Tuesday, July 07, 2020

An answer to Aline’s “Fur Elise” problem

by Rick Blechta

Having made a life in music — as well as writing — I read Aline’s blog post yesterday with a lot of sadness.

I’ll say it right up front, Aline, you unfortunately suffered from a common malady, but not the one you might expect. Yes, you might have been a difficult student, but I feel you had two not-very-good teachers.

There are a lot of them out there, people who just don’t get how to teach — especially youngsters. Learning an instrument is difficult, even if one is a genius at a Mozart level. There’s no way around it, you have to put in the hours. Not only that, a lot of the things you’re asked to do can be pretty BORING. But if one perseveres, it’s possible to become a decent player.

Here’s the place where your teachers fell down on the job. They didn’t give you meaningful practising techniques. When I was teaching, I called it a student’s “toolbox”. These tools were helpful tips on why things are going wrong, and specific techniques to fix them. I also had to guide my students to be able to recognize the stumbling blocks. 

The first tool was always “play only as fast as you can handle what you’re practising. Slow and steady will win this race every time. Whether you’re a kid or an adult, that’s not particularly fun. A good teacher will explain that, show the student how well it works to go slowly and give them longer range hope for seeing success at the end of what might be a long road.

I suspect my second tool would have really helped you, Aline. That’s the one where you learn that when you make a mistake, it is a total waste of your practicing effort to go back to the beginning of the piece — especially when the same mistake keeps happening in the same place.

Everyone, but especially children, needs to see success in order to want to do something. Dealing with the stumbling block (more tools!) will get rid of it so the result will be quickly obvious and self-reinforcing. There's no better feeling that being able to play through a piece, no matter how slowly, and get to the end successfully. It certainly make me want to play more!

How does all this fit into writing (since this is a blog dedicated to writing)? 

Learning to play an instrument, like writing a novel, is a marathon, not a sprint. Patience here is a very great virtue. You need to have a long-range vision and realize you need to take steps every day towards your goal. This is going to sound simplistically obvious but “you can’t get there until you get there.” The critical thing is to keep working, stay within your story. Same thing with practising: you’ve got to do it every day. I used to tell my school students: “If you have to average 20 minutes of practice every day, it won’t do you any good to do 140 minutes one day each week. Nothing good will happen and you know how much I hate to see you waste your time. Practise a little every day and you’ll get great results in less time.”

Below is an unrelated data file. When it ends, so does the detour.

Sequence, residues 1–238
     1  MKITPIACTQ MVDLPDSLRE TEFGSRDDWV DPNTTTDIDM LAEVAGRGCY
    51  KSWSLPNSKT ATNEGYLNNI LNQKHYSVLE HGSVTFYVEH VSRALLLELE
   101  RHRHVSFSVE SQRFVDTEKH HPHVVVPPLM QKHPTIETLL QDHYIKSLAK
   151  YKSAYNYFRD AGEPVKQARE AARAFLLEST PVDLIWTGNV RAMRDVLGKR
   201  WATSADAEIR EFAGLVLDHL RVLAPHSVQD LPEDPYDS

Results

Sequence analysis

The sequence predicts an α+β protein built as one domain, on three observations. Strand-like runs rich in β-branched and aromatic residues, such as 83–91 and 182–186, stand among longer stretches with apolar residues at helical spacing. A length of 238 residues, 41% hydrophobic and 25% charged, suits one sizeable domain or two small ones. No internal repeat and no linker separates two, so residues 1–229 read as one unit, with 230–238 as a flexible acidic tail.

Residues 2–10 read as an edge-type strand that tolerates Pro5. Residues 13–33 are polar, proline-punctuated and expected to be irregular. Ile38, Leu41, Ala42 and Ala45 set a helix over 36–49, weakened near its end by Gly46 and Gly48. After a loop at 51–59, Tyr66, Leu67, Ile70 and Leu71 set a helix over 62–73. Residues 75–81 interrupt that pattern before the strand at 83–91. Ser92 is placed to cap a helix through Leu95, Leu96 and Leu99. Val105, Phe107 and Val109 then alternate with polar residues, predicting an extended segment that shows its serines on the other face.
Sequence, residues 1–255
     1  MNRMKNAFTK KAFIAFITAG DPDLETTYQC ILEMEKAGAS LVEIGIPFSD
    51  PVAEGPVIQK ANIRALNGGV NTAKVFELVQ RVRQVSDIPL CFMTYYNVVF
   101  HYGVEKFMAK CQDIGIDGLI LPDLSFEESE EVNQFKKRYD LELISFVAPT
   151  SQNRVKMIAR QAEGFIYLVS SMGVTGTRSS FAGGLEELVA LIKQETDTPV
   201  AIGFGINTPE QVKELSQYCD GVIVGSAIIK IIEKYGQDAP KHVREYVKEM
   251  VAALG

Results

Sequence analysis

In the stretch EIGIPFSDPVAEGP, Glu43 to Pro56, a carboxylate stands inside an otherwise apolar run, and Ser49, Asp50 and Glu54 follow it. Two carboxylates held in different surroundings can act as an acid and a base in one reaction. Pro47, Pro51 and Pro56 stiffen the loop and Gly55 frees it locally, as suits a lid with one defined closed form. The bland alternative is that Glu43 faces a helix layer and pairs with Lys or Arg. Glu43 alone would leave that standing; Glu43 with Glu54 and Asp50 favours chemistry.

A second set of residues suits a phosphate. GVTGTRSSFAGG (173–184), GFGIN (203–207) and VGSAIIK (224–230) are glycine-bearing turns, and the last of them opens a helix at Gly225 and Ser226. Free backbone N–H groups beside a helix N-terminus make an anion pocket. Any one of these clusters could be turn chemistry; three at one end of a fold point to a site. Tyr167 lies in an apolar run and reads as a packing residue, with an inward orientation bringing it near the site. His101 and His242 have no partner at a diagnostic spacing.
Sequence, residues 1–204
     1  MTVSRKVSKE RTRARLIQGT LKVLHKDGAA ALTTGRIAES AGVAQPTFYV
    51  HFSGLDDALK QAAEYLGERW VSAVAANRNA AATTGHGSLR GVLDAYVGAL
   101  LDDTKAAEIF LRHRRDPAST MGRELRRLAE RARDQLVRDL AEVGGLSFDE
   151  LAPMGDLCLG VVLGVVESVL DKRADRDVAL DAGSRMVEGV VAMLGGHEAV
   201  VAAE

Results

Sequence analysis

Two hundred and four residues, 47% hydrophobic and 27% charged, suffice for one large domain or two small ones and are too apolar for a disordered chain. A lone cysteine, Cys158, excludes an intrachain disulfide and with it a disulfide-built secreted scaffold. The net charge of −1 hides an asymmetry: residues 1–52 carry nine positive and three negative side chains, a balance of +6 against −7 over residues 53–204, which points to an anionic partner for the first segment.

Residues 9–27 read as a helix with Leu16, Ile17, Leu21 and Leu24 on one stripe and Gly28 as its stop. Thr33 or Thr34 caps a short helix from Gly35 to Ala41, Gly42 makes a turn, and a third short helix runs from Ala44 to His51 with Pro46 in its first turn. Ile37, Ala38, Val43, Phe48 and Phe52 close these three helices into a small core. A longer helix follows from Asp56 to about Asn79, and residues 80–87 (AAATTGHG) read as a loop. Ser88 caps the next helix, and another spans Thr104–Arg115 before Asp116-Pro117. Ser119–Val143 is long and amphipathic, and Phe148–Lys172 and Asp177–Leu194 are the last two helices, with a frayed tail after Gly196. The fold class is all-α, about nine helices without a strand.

All writers — if they have any chance of success — realize this pretty quickly. It’s exceptionally difficult to write like crazy one day a week and keep things in order in your brain. My feeling is it will take you longer to complete the project since you constantly have to “reload” the story into your brain each time you work. That means a lot of time wasting “wheel spinning” each time you sit down to work.

I could go on and on about the similarities between mastering an instrument and completing a novel.

There is a well-regarded truism about learning to play an instrument: you must put in 10,000 hours of practise to master it. I suspect this might be true in writing as well. In order to become really good at it, you must put in the hours, do the self-examination, and get help where you need it in order to master this craft.

I sure hope that it doesn’t mean writing 10,000 pages! On second thought, if that’s what it is, maybe I just have to be more patient and keep plodding along. It’s not as if I haven’t done that before.
And if you want a good chuckle, look closely at the above photo of someone named Boris showing off his prowess on guitar. I don’t believe he’s put in his requisite 10,000 hours to master it…


Aline Templeton said...

Thanks, Rick. I just wish you'd been one of my early teachers!

Rick Blechta said...

So do I. I really hate hearing these stories and I hear them far too much.